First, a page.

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How to calculate the Body Mass Index of an athletic man?
Dear Dr. Gourmet, Could you please tell me how I can calculate the Body Mass Index of my husband? He is an athletic person with a muscular body and you have said that the regular Body Mass Index would not apply to people like him.

Body Mass Index and Risk of Death
The media talk about "the epidemic of obesity" in terms one might associate more with a zombie apocalypse and the immediate destruction of civilization as we know it, so if you're a little tired of hearing about it, that's understandable. It's the media's job to grab your attention, after all.

How Much Should You Weigh?
There's a disconnect these days between what people weigh and what they think they ought to weigh. There are a few ways to look at what your best weight should be, but Body Mass Index (BMI) is one of the most reliable measures we have to help you know what a healthy weight is for you.


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Resolving the obesity paradox

two muscular individuals holding dumbbells

It's not news that Body Mass Index (BMI) is not a perfect predictor of health or longevity. Indeed, I see at least one article a week reporting the demise of BMI's clinical relevance with a gleefulness usually reserved for reports of celebrities embarrassing themselves in some way. The fact is that way back in 2013 I reported on a study that found that those with a BMI in the overweight range were actually 8% less likely to die from any cause than those with a normal BMI. This is what's known as "the obesity paradox" - when being overweight is associated with a lower risk of death from all causes.

The problem with Body Mass Index is that it is an indirect measure of body fat. It's cheaper, quicker, and requires far less training to do a mathematical calculation than to measure someone's body fat with a fair degree of accuracy. The second problem is that it was invented to be used on a large scale: Ancel Keys, who coined the term "Body Mass Index" in the early 70's, found it useful for large populations, but not so for individuals (he himself was fairly short but muscular, so he had a higher BMI than what would be considered "normal").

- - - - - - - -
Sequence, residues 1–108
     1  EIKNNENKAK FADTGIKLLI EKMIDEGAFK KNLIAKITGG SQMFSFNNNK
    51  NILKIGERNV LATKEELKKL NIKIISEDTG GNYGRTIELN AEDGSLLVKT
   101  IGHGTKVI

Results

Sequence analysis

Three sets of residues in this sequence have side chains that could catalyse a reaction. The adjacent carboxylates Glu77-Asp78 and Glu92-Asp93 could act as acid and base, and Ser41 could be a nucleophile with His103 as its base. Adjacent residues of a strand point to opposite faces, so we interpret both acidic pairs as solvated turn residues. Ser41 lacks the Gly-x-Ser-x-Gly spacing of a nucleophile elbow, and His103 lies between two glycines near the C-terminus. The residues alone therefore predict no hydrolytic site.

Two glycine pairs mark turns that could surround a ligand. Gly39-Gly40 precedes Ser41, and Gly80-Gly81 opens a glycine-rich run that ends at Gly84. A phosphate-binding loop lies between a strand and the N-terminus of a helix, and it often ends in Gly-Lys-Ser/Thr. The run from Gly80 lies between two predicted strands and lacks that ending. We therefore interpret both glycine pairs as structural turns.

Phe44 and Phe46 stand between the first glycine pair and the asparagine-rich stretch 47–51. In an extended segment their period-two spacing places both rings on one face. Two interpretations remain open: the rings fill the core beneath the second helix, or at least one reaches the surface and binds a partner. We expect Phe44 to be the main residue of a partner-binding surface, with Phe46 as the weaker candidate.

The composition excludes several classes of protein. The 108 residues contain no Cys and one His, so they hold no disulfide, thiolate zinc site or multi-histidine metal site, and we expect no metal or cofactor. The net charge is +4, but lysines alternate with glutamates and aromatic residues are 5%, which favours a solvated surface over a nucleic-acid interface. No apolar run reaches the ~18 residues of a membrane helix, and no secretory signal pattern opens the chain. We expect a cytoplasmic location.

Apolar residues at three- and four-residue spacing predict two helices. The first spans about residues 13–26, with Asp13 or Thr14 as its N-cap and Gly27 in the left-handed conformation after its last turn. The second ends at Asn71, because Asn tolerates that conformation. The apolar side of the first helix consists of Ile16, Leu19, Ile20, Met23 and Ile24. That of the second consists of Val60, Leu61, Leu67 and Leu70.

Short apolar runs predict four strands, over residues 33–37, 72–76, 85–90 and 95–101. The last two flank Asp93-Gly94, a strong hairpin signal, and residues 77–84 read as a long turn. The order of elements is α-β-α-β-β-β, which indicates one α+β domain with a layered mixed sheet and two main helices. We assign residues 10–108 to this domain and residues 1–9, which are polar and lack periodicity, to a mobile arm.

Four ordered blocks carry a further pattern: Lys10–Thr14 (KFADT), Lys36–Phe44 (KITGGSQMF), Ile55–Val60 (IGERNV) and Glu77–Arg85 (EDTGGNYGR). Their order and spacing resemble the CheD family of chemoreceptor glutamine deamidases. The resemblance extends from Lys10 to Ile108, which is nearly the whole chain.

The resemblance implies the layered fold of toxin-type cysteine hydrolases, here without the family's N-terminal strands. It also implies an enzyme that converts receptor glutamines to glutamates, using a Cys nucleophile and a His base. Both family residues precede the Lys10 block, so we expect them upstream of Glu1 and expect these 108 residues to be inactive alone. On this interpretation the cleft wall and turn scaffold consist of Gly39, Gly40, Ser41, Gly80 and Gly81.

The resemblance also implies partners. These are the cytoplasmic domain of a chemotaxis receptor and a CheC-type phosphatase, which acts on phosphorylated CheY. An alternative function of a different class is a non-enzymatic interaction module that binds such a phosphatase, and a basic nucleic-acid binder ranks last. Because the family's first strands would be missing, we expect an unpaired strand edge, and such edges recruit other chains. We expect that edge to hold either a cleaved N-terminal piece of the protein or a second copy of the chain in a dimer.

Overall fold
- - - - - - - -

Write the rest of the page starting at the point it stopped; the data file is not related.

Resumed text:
The good news is that recently a team of researchers in Canada were able to look at the relationship between Body Mass Index, actual body fat, and all-cause mortality (Ann Int Med 2016: doi:10.7326/M15-1181). They made use of population health data maintained by the Manitoba Centre for Health Policy of the University of Manitoba, and focused on those patients (about 49,500 women and 5,000 men) who had undergone Bone Mineral Density tests, which are the same types of tests used to measure body fat. The authors were then able to compare both the BMI and actual body fat measurements of those who died during the followup period with those who did not.

After taking into account the presence of such conditions as chronic obstructive pulmonary disease, diabetes, kidney disease, and congestive heart failure, the authors found that those women with a low BMI (less than 22.5) were 44% more likely to die of any cause than those with a BMI between 25 and 27.5 (usually considered slightly overweight). On the other hand, those with a percentage of body fat in the highest quintile (more than 38%) were 19% more likely to die of any cause. Results were similar for men, with low BMI and high body fat being associated with greater risk of mortality.

What this means for you

The authors note that the vast majority of their subjects were white, middle-aged, and female, so they suggest caution in generalizing these results to other ethnicities or age groups. They do point out that their results suggest that BMI might be a better indicator of lean body mass rather than body fat, so it "may be an inappropriate surrogate for adiposity." As I said in that 2013 Health & Nutrition Bite, we doctors deal in percentages: higher Body Mass Index still means an increased risk of chronic diseases such as diabetes and heart disease. Your doctor should be looking not just at your Body Mass Index, but at you as a whole person, including your lab test scores, diet, physical activity, and personal and family history.

First posted: March 9, 2016